Are You Facing Prescription Drug Charges? Boston criminal defense lawyer, Kevin J. Mahoney, can help.
Do not be fooled into thinking that crimes involving prescription drugs are not as serious as
crimes involving “street” drugs. In Massachusetts, a drug crime is a drug crime – regardless of
the substance involved. Police, prosecutors and judges take prescription drug crimes seriously,
enforce the laws strictly, and seek to punish defendants severely. If you have been charged with
a prescription drug crime, it is imperative that you enlist the help of an experienced Boston
criminal defense lawyer to guard your rights and protect your best interests.
Classification of Prescription Drugs
The Massachusetts Controlled Substances Act establishes five classes of controlled substances.
Class A drugs are the most dangerous and addictive; Morphine is a Class A prescription drug.
Class B prescription drugs include Oxycontin, Percocet and Percodan. Most prescription drugs
fall into Classes C-E; these classes of drugs include: Hydrocodone (Vicodin); Clonazepam;
Diazepam (Valium); and most other prescription narcotics and painkillers.
Penalties for Prescription Drug Crimes
As you can see, in Massachusetts the classification of the controlled substance determines the severity
of any potential punishment. Crimes involving Class A drugs carry the strictest penalties; less
severe penalties apply to crimes involving Class B-E drugs, on a sliding scale. The penalties
for possession, manufacturing, distributing or possessing with intent to distribute a prescription
drug include incarceration and/or fines, and also may include, depending on the circumstances
of your case, a loss of driving privileges. Stricter penalties apply across the board for a second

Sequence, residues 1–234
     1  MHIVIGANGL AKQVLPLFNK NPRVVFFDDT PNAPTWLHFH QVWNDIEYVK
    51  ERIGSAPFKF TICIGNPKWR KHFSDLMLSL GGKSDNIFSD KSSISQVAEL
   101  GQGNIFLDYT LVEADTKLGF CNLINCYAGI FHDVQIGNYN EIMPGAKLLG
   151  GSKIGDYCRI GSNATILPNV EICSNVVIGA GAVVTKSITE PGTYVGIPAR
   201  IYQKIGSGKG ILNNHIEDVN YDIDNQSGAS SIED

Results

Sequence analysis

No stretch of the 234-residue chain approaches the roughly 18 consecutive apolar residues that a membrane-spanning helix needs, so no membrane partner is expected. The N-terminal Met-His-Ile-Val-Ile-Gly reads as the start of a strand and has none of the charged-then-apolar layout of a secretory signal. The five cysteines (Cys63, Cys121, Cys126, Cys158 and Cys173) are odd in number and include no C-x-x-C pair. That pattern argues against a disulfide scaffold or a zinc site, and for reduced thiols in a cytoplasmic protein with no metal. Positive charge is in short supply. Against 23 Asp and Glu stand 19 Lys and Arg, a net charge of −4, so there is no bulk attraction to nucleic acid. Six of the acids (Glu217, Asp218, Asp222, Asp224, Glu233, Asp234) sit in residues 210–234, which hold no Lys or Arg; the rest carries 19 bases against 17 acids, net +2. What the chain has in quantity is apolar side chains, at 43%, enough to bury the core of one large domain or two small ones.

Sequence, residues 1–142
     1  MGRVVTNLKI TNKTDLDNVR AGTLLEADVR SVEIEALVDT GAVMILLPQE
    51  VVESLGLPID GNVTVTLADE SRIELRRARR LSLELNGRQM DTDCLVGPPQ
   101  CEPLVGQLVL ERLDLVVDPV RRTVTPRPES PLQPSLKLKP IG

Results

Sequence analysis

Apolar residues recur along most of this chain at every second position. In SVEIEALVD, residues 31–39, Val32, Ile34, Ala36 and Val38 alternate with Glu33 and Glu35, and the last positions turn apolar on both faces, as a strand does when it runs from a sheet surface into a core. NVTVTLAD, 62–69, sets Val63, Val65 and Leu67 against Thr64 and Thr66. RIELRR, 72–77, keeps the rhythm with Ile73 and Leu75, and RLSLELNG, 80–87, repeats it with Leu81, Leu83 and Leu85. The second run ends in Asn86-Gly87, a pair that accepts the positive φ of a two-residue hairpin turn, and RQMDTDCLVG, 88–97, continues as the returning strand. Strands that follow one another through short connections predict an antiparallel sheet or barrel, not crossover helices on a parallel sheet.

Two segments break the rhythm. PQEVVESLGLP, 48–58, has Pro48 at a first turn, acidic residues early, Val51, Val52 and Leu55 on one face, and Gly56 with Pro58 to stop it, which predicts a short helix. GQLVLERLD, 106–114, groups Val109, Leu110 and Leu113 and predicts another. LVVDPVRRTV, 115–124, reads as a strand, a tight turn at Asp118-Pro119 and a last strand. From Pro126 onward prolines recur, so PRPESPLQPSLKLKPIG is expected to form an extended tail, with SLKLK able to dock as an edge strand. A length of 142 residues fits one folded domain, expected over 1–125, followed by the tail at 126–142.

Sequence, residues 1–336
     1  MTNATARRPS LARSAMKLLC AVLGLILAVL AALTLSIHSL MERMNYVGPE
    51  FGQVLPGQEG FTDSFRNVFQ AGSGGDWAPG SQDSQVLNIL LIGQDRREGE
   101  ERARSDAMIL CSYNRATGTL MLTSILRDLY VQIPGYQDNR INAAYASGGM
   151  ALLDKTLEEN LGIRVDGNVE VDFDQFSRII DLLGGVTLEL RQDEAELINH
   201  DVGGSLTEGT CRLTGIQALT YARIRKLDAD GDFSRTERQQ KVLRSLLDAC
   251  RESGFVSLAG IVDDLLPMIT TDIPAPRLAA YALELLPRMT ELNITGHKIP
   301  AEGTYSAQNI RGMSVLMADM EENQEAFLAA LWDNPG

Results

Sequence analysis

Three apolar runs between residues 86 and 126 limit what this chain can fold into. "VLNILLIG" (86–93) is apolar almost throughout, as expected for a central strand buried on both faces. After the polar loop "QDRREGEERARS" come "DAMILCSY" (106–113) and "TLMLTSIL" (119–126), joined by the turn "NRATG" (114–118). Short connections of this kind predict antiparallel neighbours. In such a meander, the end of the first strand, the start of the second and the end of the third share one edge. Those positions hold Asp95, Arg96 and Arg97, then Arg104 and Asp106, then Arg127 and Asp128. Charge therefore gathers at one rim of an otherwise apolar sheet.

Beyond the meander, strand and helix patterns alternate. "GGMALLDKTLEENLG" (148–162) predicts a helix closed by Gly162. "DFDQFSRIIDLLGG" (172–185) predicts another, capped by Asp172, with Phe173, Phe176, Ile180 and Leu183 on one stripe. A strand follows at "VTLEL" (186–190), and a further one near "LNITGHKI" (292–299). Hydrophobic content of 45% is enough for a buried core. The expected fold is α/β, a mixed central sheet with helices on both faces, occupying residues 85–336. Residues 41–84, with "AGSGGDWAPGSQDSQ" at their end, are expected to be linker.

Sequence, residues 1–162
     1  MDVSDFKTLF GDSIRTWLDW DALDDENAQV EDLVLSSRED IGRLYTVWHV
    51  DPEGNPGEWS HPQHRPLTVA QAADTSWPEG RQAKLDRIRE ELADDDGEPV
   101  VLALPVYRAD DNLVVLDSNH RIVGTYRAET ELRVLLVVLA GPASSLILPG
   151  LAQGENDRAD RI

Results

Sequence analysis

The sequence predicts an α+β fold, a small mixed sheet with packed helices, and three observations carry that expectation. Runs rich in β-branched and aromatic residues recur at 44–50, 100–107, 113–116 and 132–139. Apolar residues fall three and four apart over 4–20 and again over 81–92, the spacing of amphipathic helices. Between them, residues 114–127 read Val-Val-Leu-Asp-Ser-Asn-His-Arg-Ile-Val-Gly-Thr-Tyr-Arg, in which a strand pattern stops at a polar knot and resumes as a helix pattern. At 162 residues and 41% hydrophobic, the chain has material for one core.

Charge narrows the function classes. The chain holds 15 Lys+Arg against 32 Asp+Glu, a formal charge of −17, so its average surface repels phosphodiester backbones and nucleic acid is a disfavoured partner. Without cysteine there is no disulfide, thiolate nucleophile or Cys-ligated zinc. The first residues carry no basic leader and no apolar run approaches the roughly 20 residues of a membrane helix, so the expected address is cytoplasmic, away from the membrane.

offense and for drug trafficking. Moreover, you may face additional penalties for related crimes
including, for example, fraud (obtaining prescription drugs by making false statements to doctors
or pharmacists); theft (e.g., stealing a prescription pad; stealing drugs from a pharmacist or other
person or entity authorized to dispense prescription drugs); breaking and entering (e.g., to obtain
goods to sell for drug money).
An experienced Boston criminal defense lawyer will analyze the allegations of your to determine what defenses are available, including contradicting a claim that you actually possessed the drug, demonstrating legal possession, or challenging the seizure of the drug by arguing the police or DEA violated your 4th Amendment Rights in conducting the search.
Contact Boston, MA Drug Crimes Lawyer, Kevin J. Mahoney
If you are facing prescription drug charges, and you would like to meet with an experienced and knowledgeable Boston criminal defense lawyer, please contact me directly. Call (617) 492-0055 to schedule a free consultation. Let’s sit down and discuss your situation in detail, as well as your legal options. Things may not be as bad as they appear.
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